Oh, and we basically have no toys.  We have a lot of Legos, a lot of books, some plastic food, and a slide in our basement.  That's about it.  I love not having the clutter or needing to find places to put toys, and they really haven't seemed to need more than that.  Also, we hardly ever have to clean up.

So.  What is your parenting life like?


“I was a fool!” Percy roared.
Harry Potter and the Deathly Hallows


Brooke Evans said...

I think a lot of people's answers to some of these questions might change depending on ages.

Allison said...

My daughter is 16 months and I'm ok letting her watch one kids movie a week. But she's not really interested in TV so usually she only watches TV when she's sick.

She eats a wide variety of snacks including crackers, fruit, string cheese, applesauce and yogurt. She prefers fruit and dairy products so that's what we give her. Every child is different and I think there's nothing wrong with giving them crackers for snacks if that's what they like. I don't think there should be a list of appropriate snacks that children need to have every day- just figure out what nourishing food they like and go from there.

Thankfully, A is still too young for candy and isn't interested in it anyway. She just liked the novelty of taking a handful of candy out of the bowl and putting it in her bucket. Then it usually ended up being dropped on the ground.

I am also a big proponent of individual unstructured play. I think it helps kids learn things like time management (deciding what they want to do with their time) and not having to have someone there constantly entertaining them. And A loves it too so she spends a lot of time playing by herself. But I usually try to strive for an hour a day of Mommy and A time. We usually try to do one fun crafty or learning activity together and then throughout the day we'll have periods of unstructured play together. Sometimes it's more if we go to the park or out back since she's still too young to be outside by herself. Sometimes it's less if we have a really busy day with lots of errands to run.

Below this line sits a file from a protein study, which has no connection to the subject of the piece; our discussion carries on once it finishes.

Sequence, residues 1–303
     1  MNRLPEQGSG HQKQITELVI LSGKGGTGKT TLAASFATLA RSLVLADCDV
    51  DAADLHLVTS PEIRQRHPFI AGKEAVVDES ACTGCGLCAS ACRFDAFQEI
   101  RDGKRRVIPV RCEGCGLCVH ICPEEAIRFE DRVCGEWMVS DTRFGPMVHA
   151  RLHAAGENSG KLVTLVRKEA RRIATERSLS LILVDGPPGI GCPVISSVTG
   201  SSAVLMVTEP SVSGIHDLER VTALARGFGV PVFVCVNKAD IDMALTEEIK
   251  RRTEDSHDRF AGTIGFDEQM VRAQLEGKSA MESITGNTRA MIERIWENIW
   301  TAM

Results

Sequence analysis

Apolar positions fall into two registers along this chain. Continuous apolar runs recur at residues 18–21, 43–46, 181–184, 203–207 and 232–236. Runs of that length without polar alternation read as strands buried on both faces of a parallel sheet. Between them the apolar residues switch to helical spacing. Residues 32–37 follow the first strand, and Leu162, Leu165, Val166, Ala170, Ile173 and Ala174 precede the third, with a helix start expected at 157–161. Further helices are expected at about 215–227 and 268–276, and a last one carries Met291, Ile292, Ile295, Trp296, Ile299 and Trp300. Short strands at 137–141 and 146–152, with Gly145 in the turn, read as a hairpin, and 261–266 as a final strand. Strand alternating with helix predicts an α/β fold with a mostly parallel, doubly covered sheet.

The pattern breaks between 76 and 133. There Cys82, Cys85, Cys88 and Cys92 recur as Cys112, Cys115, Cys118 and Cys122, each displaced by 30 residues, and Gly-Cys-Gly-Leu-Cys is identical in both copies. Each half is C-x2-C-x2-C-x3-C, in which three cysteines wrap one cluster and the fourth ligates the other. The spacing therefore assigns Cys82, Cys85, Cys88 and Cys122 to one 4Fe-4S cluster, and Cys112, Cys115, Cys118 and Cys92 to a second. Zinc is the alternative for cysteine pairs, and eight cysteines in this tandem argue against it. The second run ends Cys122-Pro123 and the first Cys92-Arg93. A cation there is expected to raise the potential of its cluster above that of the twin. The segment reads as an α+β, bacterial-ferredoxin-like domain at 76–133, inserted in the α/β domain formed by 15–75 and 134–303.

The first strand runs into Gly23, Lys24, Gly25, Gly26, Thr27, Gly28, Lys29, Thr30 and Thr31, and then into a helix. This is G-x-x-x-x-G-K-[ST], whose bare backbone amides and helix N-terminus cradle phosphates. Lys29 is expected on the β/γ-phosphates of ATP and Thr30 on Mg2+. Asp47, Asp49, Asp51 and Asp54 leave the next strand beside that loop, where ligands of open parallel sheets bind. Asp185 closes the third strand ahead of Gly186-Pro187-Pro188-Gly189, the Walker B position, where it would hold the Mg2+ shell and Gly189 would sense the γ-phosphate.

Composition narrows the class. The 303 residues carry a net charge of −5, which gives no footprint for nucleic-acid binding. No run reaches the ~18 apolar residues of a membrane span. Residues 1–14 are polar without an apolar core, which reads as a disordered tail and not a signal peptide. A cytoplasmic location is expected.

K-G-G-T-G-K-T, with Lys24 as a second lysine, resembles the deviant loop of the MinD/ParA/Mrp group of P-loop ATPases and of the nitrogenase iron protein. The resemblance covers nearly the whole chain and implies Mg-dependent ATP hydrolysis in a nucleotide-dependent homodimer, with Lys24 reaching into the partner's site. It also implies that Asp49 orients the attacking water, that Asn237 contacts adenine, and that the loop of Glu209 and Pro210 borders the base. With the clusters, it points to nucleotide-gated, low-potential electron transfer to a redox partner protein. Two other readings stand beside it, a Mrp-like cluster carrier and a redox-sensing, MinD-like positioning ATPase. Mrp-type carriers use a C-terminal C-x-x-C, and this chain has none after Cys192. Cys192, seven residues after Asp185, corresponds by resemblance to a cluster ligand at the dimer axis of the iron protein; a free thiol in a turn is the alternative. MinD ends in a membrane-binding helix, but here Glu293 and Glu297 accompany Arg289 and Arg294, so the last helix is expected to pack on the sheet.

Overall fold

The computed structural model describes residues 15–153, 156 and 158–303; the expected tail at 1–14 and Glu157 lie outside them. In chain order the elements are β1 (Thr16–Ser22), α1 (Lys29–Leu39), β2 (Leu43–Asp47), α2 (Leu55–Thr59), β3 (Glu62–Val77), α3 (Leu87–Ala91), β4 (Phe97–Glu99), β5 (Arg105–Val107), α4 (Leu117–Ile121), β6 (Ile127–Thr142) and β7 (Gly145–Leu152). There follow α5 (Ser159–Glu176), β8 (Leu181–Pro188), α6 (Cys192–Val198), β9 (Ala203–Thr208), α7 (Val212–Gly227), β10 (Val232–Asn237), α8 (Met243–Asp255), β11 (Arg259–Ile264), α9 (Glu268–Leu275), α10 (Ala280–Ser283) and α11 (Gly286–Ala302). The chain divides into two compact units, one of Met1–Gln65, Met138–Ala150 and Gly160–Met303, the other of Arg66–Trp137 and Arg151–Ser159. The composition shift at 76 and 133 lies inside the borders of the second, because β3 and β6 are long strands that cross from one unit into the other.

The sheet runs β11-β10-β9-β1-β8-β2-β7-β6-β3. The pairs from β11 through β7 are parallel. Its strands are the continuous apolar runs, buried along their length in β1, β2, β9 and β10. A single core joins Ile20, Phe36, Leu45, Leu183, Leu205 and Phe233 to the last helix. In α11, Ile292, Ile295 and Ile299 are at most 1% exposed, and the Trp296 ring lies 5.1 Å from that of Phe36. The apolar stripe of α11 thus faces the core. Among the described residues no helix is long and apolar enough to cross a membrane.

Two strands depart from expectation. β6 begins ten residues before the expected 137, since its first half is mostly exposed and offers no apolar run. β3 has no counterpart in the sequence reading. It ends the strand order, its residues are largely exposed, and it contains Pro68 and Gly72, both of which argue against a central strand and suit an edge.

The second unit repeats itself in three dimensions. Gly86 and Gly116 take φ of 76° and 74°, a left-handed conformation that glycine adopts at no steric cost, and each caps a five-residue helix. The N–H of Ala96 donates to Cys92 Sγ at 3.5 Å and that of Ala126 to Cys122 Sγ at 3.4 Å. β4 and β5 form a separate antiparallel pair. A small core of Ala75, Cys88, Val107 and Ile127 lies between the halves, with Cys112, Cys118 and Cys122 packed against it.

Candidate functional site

A is a fruit girl so she eats two or three servings of fruit a day. She doesn't like vegetables so I offer her a vegetable with dinner which she usually doesn't eat. So we just make up for it with fruit since there hasn't been a fruit she hasn't liked so far.

Motherhood is definitely tiring but I still think it's important to take time for yourself. For me, nap time is my time. I think it's important for moms to have things to do for themselves that isn't laundry or cleaning or serving their family, whether that be a hobby or taking a nap or reading a book. During nap time, I work on my projects or if I'm tired, I'll take a nap. It helps keep me sane when things get tough.

Congratulations on becoming foster parents! Remember, every child is different so every mother is going to be different. Don't get caught up with what everyone else is doing. Just be you and do what works for you and your kids. You're doing great!

Annegirl said...

"We're not doing elaborate crafts, practicing writing in sand, or taking tours of cool factories"----you kill me. :)

While I'm not the million dollar parent I know I should be (and that I WANT to be), I try to keep a few things in mind. Do my kids know I love them and do I express that regularly? Are they learning to be kind and polite? Are they safe? Am I giving them foods that will keep their bodies healthy? Are they getting enough opportunities for constructive activities so that they will be able to gain the skills they need in a variety of areas? (This is usually translated as, "Did we do at least one constructive thing, today?") Am I staying sane (A multi-faceted question, including things like: Do I put in too much effort? Too little effort? Do I still feel like a person?)

These are the things that go through my head on a regular (if not daily) basis. I base my routines on these things. A great deal of mothering, to me, is constantly making adjustments. Like ALL THE TIME.

And, a lot of mothering is based on an individual mother's preferences. I don't do snacks over here, and not a lot of candy. I do let them watch shows---which I'd like to cut back on---but I am particular about what kinds of shows we watch (for instance, we really try to avoid unkind words, any violence, inappropriate themes, etc.) "Please" and "sorry" are enforced. Reading and creative play are encouraged. We take naps---and yes, I do, too; it's part of the keeping sane bit for me. =) Everyone is their own style of mother, and we all just do the best we can.

Excited for you and your new adventure. :)